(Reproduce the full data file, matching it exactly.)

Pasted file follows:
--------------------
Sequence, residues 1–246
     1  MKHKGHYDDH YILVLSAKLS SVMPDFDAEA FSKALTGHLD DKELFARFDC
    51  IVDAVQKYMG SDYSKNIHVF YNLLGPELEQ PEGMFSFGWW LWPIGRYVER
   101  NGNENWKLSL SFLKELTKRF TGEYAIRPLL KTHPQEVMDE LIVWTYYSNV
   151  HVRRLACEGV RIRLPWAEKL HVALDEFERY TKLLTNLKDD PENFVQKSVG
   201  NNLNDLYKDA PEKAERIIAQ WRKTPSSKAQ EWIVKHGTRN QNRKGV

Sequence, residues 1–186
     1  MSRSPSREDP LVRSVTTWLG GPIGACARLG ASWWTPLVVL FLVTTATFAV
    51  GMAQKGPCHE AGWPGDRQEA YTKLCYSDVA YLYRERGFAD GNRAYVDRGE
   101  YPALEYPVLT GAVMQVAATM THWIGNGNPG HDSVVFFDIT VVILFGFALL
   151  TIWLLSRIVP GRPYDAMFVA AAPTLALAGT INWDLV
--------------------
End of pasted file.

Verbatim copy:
Sequence, residues 1–246
     1  MKHKGHYDDH YILVLSAKLS SVMPDFDAEA FSKALTGHLD DKELFARFDC
    51  IVDAVQKYMG SDYSKNIHVF YNLLGPELEQ PEGMFSFGWW LWPIGRYVER
   101  NGNENWKLSL SFLKELTKRF TGEYAIRPLL KTHPQEVMDE LIVWTYYSNV
   151  HVRRLACEGV RIRLPWAEKL HVALDEFERY TKLLTNLKDD PENFVQKSVG
   201  NNLNDLYKDA PEKAERIIAQ WRKTPSSKAQ EWIVKHGTRN QNRKGV

Sequence, residues 1–186
     1  MSRSPSREDP LVRSVTTWLG GPIGACARLG ASWWTPLVVL FLVTTATFAV
    51  GMAQKGPCHE AGWPGDRQEA YTKLCYSDVA YLYRERGFAD GNRAYVDRGE
   101  YPALEYPVLT GAVMQVAATM THWIGNGNPG HDSVVFFDIT VVILFGFALL
   151  TIWLLSRIVP GRPYDAMFVA AAPTLALAGT INWDLV